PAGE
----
Repetition of the same or similar consonant sounds in words that are close together.
Reference to someone or something that is known from history, literature, religion, politics, sports, science, or another branch of culture. An indirect reference to something (usually from literature, etc.).
Deliberately suggesting two or more different, and sometimes conflicting, meanings in a work. An event or situation that may be interpreted in more than one way- - this is done on purpose by the author, when it is not done on purpose, it is vagueness, and detracts from the work.
Repetition of a word, phrase, or clause at the beginning of two or more sentences in a row. This is a deliberate form of repetition and helps make the writer's point more coherent.
Inversion of the usual, normal, or logical order of the parts of a sentence. Purpose is rhythm or emphasis or euphony. It is a fancy word for inversion.
Attributing human characteristics to an animal or inanimate object (Personification)
Brief, cleverly worded statement that makes a wise observation about life, or of a principle or accepted general truth. Also called maxim, epigram.
The repetition of similar vowel sounds followed by different consonant sounds especially in words that are togethe
In poetry, a type of rhetorical balance in which the second part is syntactically balanced against the first, but with the parts reversed.
A twentieth century term used to describe poetry that uses intimate material from the poet's life.
A speaker or writer's choice of words
A poem of mourning, usually about someone who has died. A Eulogy is great praise or commendation, a laudatory speech, often about someone who has died.
Device of repetition in which the same expression (single word or phrase) is repeated both at the beginning and at the end of the line, clause, or sentence. Voltaire: "Common sense is not so common."
A long narrative poem, written in heightened language , which recounts the deeds of a heroic character who embodies the values of a particular society
Device of repetition in which the same expression (single word or phrase) is repeated at the end of two or more lines, clauses, or sentences (it is the opposite of anaphora).
A very short story told in prose or poetry that teaches a practical lesson about how to succeed in life.
Poetry that does not conform to a regular meter or rhyme scheme.
A figure of speech that uses an incredible exaggeration or overstatement, for effect. "If I told you once, I've told you a million times...."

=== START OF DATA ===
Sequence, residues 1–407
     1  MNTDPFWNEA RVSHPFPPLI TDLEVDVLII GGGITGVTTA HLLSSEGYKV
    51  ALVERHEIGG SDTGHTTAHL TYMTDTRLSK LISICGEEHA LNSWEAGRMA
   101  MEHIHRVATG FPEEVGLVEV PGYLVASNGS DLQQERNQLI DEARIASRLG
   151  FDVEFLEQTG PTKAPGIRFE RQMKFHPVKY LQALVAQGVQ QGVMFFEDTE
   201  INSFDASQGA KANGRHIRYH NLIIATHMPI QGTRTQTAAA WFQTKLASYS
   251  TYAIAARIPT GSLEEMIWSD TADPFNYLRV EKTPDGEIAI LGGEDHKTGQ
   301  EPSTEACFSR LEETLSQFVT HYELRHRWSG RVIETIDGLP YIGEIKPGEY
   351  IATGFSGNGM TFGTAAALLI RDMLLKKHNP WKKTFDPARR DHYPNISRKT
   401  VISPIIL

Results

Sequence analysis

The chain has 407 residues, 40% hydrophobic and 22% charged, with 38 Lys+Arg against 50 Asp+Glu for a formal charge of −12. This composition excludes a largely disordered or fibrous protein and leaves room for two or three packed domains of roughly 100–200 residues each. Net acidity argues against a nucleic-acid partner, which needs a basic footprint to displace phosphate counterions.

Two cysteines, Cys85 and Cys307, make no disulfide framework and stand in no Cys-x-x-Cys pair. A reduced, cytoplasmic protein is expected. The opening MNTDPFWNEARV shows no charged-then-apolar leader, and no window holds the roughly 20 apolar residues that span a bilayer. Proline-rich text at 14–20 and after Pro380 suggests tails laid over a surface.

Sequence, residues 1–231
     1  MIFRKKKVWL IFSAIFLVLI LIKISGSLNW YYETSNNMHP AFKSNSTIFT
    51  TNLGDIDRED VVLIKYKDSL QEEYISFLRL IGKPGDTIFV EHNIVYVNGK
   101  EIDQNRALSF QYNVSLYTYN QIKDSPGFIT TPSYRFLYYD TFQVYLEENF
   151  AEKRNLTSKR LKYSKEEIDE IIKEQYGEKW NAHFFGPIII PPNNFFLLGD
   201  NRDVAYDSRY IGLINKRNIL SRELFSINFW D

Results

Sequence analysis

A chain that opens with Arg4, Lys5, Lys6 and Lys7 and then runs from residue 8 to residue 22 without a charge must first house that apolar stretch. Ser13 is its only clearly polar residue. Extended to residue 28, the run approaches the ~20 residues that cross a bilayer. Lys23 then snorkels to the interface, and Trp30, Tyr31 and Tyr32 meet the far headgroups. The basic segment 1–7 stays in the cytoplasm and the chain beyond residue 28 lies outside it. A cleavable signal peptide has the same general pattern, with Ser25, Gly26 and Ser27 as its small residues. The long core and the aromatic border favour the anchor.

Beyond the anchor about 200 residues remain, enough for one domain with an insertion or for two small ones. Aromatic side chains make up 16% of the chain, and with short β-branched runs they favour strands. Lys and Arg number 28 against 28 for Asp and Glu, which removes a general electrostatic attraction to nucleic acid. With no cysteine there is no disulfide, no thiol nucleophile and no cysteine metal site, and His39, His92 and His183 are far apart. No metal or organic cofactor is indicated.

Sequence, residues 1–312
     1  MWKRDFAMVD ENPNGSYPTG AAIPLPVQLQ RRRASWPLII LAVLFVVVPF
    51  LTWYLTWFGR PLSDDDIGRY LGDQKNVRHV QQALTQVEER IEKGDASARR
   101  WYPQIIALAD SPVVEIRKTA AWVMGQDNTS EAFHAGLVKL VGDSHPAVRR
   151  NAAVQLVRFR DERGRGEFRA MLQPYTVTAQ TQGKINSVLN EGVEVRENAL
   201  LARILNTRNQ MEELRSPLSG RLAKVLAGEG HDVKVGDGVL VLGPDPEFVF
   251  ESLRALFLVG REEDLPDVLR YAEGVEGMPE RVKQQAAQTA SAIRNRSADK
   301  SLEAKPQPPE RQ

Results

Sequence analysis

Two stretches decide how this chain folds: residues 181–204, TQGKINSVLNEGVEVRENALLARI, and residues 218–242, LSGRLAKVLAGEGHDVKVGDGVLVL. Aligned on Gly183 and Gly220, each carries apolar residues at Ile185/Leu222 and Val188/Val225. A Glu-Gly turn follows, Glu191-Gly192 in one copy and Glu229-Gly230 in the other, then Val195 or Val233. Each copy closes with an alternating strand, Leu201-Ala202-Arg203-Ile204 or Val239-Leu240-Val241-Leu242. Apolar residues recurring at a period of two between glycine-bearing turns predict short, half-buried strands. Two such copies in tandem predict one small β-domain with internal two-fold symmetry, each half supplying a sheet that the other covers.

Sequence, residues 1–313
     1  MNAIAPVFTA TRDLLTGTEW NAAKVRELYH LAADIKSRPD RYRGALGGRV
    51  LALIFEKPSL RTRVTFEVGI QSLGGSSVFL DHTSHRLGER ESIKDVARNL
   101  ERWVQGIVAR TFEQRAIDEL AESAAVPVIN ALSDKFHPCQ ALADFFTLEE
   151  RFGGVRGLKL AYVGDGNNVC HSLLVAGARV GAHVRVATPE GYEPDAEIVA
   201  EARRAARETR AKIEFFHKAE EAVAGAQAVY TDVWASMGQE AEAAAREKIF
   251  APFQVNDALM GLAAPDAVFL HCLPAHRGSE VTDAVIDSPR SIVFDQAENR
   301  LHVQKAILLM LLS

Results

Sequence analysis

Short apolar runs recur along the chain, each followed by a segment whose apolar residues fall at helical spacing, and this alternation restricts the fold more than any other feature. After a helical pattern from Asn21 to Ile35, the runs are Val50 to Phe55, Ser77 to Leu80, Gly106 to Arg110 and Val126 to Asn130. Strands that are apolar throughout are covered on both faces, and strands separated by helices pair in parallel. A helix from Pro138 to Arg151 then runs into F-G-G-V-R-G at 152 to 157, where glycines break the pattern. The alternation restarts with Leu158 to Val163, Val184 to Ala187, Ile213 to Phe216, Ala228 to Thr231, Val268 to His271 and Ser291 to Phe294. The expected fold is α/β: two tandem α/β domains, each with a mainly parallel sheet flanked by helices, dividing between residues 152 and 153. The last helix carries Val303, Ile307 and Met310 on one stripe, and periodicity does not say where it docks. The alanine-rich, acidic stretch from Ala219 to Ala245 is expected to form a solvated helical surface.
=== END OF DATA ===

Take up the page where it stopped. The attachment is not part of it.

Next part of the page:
The use of language to evoke a picture or a concrete sensation of a person , a thing, a place, or an experience.
The reversal of the normal word order in a sentence or phrase.
Poetic and rhetorical device in which normally unassociated ideas, words, or phrases are placed next to one another, creating an effect of surprise and wit. Ezra Pound: "The apparition of these faces in the crowd;/ Petals on a wet, black bough." Juxtaposition is also a form of contrast by which writers call attention to dissimilar ideas or images or metaphors.
A poem that does not tell a story but expresses the personal feelings or thoughts of the speaker. A ballad tells a story.
A figure of speech that makes a comparison between two unlike things without the use of such specific words of comparison as like, as, than, or resembles.
Does not state explicitly the two terms of the comparison: "I like to see it lap the miles" is an implied metaphor in which the verb lap implies a comparison between "it" and some animal that "laps" up water
A metaphor that is extended or developed as far as the writer wants to take it. (conceit if it is quite elaborate).
A metaphor that has been used so often that the comparison is no longer vivid: "The head of the house", "the seat of the government", "a knotty problem" are all dead metaphors.
A metaphor that has gotten out of control and mixes its terms so that they are visually or imaginatively incompatible. "The President is a lame duck who is running out of gas."
An atmosphere created by a writer's diction and the details selected.
The use of words whose sounds echo their sense. "Pop." "Zap."
A figure of speech that combines opposite or contradictory terms in a brief phrase. "Jumbo shrimp." "Pretty ugly." "Bitter-sweet"
A work that makes fun of another work by imitating some aspect of the writer's style.
A figure of speech in which an object or animal is given human feelings, thoughts, or attitudes.
A "play on words" based on the multiple meanings of a single word or on words that sound alike but mean different things.
A word, phrase, line, or group of lines that is repeated, for effect, several times in a poem.
A type of writing that ridicules the shortcomings of people or institutions in an attempt to bring about a change.
A figure of speech that makes an explicit comparison between two unlike things, using words such as like, as , than, or resembles.
The distinctive way in which a writer uses language: a writer's distinctive use of diction, tone, and syntax.
A person, place, thing, or event that has meaning in itself and that also stands for something more than itself.
A figure of speech in which a part represents the whole. "If you don't drive properly, you will lose your wheels." The wheels represent the entire car.
The insight about human life that is revealed in a literary work.
The attitude a writer takes toward the subject of a work, the characters in it, or the audience, revealed through diction, figurative language, and organization.
A statement that says less than what is meant.
A term for the bold new experimental styles and forms that swept the arts during the first third of the twentieth century.
Giving characteristics of an object to a person.
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